The programs aren’t perfect; the advocacy group No Kid Hungry estimates that such efforts still may reach only 16 percent of the kids who need food help during the summer, in part because they’re physically not at school to be fed and the logistics of delivery get tougher. It’s difficult to know what that percentage will look like in 2020, when many schools have been closed since March and many lower-income essential workers are not home during the day to collect school meals for their children.
But in places like Los Angeles, the effect is still staggering. As of Sept. 21, the L.A. Unified School District, the nation’s second largest, had handed out nearly 62 million meals, according to Superintendent Austin Beutner. About 80 percent of L.A. Unified’s students are from low-income families, and they may receive multiple meals a day through the program.
“These programs are all very helpful, and they’re designed to be very helpful,” said Kirsten Tobey, co-founder of Oakland-based Revolution Foods, which focuses on delivering high-nutrition whole foods to schools. By eliminating the requirement to prove financial need, the USDA made it possible for districts to spend more time on their primary mission: getting meals to the students and families who need them.
Perdue remarked several times about the cost of the programs, suggesting that they would run out of money, although when he ultimately announced the extension, he did so without any new funding. (Congress authorizes the funding, not the USDA.) Perdue also suggested that families could get help elsewhere, writing, in part, “Americans are a generous people, and there are already opportunities for breakfast, lunch, and snacks, and weekend meals for children in need.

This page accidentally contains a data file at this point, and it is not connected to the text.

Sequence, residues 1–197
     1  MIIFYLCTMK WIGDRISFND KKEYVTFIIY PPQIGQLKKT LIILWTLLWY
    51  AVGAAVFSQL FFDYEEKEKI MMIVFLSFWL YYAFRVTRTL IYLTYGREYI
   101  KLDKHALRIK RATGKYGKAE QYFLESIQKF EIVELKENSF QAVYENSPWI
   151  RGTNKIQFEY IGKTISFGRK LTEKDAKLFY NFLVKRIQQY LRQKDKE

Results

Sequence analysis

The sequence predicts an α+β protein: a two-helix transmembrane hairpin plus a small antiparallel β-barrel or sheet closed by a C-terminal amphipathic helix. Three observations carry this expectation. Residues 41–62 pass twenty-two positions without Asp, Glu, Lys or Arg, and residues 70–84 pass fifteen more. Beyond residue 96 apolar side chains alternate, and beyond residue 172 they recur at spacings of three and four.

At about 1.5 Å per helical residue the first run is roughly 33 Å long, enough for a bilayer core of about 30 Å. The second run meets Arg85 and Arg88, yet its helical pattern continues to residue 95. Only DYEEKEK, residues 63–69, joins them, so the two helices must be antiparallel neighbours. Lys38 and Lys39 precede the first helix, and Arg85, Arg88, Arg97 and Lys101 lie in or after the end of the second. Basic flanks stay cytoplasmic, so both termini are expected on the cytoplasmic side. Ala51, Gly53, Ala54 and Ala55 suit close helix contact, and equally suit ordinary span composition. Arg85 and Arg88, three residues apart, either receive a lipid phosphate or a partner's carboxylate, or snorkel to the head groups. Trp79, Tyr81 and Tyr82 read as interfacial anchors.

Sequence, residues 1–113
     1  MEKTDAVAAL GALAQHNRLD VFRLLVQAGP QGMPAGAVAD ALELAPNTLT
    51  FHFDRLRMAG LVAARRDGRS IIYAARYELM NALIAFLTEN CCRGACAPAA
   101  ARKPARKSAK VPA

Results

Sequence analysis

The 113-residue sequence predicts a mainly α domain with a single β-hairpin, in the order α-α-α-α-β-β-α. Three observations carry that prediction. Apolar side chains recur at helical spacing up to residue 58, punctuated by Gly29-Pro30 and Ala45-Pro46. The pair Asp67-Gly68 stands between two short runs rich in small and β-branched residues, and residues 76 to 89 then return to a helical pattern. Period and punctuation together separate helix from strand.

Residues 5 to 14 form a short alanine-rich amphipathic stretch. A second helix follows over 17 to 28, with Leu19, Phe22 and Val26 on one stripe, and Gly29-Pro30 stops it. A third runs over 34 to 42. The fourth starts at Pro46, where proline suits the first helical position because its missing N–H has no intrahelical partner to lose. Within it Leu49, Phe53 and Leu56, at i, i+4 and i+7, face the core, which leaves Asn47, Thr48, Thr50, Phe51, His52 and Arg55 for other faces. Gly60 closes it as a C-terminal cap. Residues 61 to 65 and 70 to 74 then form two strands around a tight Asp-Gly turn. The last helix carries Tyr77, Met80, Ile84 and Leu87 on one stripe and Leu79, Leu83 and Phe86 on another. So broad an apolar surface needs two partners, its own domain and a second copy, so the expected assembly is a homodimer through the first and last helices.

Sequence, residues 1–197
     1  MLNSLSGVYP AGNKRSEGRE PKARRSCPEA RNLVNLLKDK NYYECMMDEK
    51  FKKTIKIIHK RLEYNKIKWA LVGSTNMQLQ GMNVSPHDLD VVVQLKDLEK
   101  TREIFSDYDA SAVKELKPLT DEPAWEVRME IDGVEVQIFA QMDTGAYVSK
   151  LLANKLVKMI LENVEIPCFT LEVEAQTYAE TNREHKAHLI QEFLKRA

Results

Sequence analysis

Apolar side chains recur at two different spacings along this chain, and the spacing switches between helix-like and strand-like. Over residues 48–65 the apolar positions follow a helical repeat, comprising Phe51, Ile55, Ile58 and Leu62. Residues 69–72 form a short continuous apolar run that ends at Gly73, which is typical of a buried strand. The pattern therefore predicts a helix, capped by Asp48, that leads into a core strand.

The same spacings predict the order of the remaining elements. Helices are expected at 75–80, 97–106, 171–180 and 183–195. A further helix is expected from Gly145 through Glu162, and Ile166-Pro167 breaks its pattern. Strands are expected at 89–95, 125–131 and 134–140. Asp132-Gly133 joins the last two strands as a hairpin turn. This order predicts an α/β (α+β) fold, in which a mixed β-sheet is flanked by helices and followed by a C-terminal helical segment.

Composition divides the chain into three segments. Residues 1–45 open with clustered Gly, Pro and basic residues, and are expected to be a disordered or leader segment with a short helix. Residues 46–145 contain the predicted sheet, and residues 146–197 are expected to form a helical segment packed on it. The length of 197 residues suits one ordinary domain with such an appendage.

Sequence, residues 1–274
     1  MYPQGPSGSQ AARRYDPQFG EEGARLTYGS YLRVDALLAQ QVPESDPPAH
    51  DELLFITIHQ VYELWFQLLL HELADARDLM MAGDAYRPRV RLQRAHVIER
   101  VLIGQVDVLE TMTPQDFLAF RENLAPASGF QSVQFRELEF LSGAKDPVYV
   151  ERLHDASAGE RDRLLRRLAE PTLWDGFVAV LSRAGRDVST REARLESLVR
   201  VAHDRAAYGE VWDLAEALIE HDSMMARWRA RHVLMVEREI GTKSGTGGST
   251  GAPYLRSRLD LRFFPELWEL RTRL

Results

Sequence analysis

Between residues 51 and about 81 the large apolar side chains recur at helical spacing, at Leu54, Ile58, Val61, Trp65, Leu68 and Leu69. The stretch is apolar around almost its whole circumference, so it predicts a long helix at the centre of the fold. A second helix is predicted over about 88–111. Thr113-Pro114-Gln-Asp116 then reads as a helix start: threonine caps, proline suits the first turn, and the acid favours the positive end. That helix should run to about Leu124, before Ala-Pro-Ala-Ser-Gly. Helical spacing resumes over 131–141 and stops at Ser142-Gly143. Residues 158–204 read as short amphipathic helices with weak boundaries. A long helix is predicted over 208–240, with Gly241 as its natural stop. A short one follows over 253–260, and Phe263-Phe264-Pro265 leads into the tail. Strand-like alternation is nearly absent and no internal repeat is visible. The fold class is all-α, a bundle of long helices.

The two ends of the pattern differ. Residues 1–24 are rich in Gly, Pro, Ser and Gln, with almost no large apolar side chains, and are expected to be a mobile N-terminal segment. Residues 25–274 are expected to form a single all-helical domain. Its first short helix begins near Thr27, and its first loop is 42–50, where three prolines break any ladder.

It is precisely that sort of thinking that has food insecurity experts and educators concerned for what will happen after Dec. 31, since “we know that many schools are not going to be open on Jan. 1, 2021,” Tobey said. Without an extension of the waivers through the end of the school year, many families will again be stuck, with parents working, kids undergoing distance learning and decent meals hard to come by.
Congress has yet to act on a new coronavirus relief bill, and as Perdue has said, the current funding will run out eventually. But the push to keep it going has resulted in a coalition that is both broad and deep.
That coalition features Democratic and Republican leadership and recently included an extraordinary direct appeal to Perdue from Sen. Pat Roberts (R-Kan.), who chairs the Senate Committee on Agriculture, Nutrition and Forestry. Roberts’ letter was co-signed by 19 Republican senators, who asked that Perdue “continue utilizing child nutrition program waivers that Congress provided,” reminding the USDA head of who was actually in charge.
Both the USDA and congressional leadership also received a letter from the spouses and partners of 18 governors. “Our children are our greatest resource, and there is no more necessary action than safeguarding their access to life-sustaining meals,” it read. Those words may need to be repeated, ad nauseam, as the next waiver period draws to a close.
Capital & Main